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The man who sells peace

How an entrepreneur who escaped violence in Sudan and South Sudan set up shop in a refugee camp in Uganda
, World Food Programme
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Gamar had to flee violence on more than one occasion. He now owns the Peace Shopping Centre in Kiryandongo Refugee Settlement Camp in central Uganda. Photo: WFP/Lucia Gobbi


By Selina Chan and Lucia Gobbi


Gamar had to plan his escape from rural South Sudan when a simple note changed his life. The message was short but clear: his settlement would be attacked at 5 a.m. the next morning.


After anxiously waiting for the local police to arrive and drive them to safety, at 4:47 a.m. he and 20 other villagers finally pulled away from the village in a truck, with gunshots firing behind them.


"The bullets were like rain", he says. "One tire was punctured but we did not stop. Eventually, we reached the next village."


From there, after days with scarcely any food, water or sleep, he found his way to the Kiryandongo Refugee Settlement in central Uganda.


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Gamar's Peace Shopping Centre currently employs six people. Photo: WFP/Lucia Gobbi


That was in 2015. Today, Gamar is the owner of a shop called the Peace Shopping Centre — his is a story of success as an entrepreneur and retailer engaging with the World Food Programme (WFP). You would never guess that he has escaped death not only once, but three times, fleeing first his home in North Darfur and again Khartoum before his final journey from South Sudan.


Gamar and his nine siblings used to support their parents with family businesses which included retail stores just like the ones he now owns. The majority of his customers are recipients of the cash assistance WFP provides to 40,000 people, mostly from South Sudan, in the settlement.


"I understand what people have lost and so, if I can, I want to help."


WFP provides training for small retailers to help them improve their businesses. Gamar's business seems to have come further along than the rest.


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Gamar is able to source stock from South Sudan. Photo: WFP/Lucia Gobbi


What are the secrets to his success? Relationships are key, he says, not only good for business but essential for it to survive. Trust from his suppliers allows him to buy goods on credit, increasing his disposable cash each month. And trust from his customers is what keeps them coming back.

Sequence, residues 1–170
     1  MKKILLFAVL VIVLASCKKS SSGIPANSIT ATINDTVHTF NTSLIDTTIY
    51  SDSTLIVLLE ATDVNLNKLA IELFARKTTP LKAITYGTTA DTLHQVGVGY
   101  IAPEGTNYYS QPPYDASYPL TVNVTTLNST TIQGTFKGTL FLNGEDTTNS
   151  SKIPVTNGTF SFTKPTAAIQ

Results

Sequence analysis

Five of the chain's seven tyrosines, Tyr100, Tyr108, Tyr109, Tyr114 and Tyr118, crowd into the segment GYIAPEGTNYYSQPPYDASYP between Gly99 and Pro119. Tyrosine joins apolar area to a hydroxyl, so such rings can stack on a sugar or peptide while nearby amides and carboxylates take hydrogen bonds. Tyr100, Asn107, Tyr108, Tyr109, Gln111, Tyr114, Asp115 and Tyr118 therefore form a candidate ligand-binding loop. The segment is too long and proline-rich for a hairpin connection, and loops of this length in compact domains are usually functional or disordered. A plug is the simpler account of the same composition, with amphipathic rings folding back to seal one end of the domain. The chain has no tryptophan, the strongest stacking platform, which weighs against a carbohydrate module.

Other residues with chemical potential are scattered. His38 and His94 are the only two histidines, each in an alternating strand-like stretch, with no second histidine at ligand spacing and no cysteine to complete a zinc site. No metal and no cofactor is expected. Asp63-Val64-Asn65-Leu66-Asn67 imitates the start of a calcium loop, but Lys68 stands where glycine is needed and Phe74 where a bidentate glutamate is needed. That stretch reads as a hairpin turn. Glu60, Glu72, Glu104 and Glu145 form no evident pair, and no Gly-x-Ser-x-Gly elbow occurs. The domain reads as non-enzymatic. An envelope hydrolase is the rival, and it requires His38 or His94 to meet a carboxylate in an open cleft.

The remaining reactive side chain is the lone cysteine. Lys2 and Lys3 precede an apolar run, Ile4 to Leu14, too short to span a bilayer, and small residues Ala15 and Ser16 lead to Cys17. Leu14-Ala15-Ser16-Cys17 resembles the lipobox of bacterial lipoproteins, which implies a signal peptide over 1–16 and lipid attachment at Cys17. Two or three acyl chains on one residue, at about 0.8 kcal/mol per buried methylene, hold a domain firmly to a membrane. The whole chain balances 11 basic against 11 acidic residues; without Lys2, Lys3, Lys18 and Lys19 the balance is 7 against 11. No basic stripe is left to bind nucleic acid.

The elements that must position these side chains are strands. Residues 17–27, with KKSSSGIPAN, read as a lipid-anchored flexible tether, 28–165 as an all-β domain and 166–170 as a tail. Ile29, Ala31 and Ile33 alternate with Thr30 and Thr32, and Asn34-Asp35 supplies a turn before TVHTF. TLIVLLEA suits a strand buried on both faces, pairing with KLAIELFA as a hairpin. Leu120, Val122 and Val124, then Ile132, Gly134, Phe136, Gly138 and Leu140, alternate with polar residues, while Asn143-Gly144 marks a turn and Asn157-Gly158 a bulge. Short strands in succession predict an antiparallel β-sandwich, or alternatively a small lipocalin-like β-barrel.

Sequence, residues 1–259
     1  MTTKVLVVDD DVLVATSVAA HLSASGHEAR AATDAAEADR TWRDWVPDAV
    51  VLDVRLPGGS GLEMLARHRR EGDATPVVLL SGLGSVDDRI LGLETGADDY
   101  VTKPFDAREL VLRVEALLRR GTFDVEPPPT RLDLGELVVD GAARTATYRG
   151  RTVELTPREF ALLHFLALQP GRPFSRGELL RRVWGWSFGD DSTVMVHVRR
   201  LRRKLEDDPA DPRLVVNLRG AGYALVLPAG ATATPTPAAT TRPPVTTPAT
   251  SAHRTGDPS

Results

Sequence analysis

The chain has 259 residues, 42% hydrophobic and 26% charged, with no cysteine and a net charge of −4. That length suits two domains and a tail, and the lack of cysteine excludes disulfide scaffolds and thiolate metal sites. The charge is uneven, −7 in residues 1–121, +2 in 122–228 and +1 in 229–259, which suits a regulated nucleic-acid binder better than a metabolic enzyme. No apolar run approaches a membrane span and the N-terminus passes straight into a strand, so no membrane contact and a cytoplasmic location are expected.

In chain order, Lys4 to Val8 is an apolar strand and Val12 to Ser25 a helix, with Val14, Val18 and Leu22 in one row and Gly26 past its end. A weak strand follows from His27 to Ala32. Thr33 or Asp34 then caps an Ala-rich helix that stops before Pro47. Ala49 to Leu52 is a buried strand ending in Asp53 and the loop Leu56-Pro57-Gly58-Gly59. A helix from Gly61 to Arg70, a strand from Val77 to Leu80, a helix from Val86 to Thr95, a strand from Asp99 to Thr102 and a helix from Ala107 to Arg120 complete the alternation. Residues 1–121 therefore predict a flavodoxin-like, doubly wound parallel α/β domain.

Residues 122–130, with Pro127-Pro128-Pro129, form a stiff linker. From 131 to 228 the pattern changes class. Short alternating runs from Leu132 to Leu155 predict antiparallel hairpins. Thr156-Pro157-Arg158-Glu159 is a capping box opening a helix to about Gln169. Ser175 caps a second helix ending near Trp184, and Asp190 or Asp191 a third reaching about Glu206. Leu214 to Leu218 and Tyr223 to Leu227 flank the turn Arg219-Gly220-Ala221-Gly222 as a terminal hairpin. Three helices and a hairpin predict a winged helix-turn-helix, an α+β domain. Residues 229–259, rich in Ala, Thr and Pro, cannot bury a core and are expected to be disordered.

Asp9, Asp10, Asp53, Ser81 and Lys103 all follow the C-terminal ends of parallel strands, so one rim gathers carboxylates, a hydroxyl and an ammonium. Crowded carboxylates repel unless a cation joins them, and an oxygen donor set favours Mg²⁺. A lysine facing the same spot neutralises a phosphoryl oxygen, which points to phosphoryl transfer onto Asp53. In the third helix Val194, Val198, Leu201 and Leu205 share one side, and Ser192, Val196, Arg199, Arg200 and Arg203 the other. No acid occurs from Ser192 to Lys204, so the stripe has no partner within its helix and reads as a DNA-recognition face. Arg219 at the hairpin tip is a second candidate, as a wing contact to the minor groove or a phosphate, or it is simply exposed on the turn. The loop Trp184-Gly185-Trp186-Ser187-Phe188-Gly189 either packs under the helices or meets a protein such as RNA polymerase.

Gamar has his personal phone number displayed on the door of his store and lends his customers money for medical bills, weddings, or even starting a business.


"I understand what people have lost and so, if I can, I want to help."


His Peace Shopping Centre is so named because he has seen so much fighting, all he wants is peace, he says. Gamar adds he finds solace in bringing a bit of peace to his customers.


Born to be an entrepreneur


Why did he decide to open a business? "It was the only option," he says. He comes from a family of entrepreneurs and his father instilled a business mindset into his children.


"You need to always look for the gaps in the market."


When he realized there was nowhere for the local community to come together and connect, he opened an entertainment venue. Soon after followed a retail store and wholesale shop. When he noticed that firewood was becoming scarce and increasingly dangerous to collect, he quickly acted to meet the demand opening his charcoal shop. "You need to always look for the gaps in the market," he says.


Gamar advises other retailers to manage their cash flow, understand their costs and get to know their local commerce office. "The most important thing is that you play by the rules," he says. His combination of trust and business sense has resulted in his revenue doubling in just one year to 3 million Ugandan shillings per month — that's US$720.


Where markets are functioning, WFP provides people with cash transfers, allowing them to shop in stores owned and operated by local retailers. This gives people choice and boosts the local economy — this year to date WFP contributions in cash have totalled US$65 million.


WFP continues to work with retailers like Gamar in Uganda to enhance linkages between farmers and markets, improve wholesale structures and provide capacity-strengthening activities so all businesses in the market can flourish as his has.


"If there was peace in Darfur I would return home in an instant. For now, I will do my best to build peace wherever I am."


"How much time do we have?" Gamar jokes when he is asked what his goals are. His next plan: goats. Recognizing a lack of meat in the market, Gamar is already strategizing about the special grass he will import from Sudan to make his new business more profitable.


Ultimately, his goal is to recover all that his family lost in the war. Owning his business means that he can support his parents, invest in education for his younger brother to study in Kampala, and most importantly create the stability that has been taken away from him so many times. "If there was peace in Darfur I would return home in an instant. For now, I will do my best to build peace wherever I am."


Learn more about the work WFP is doing to strengthen local markets.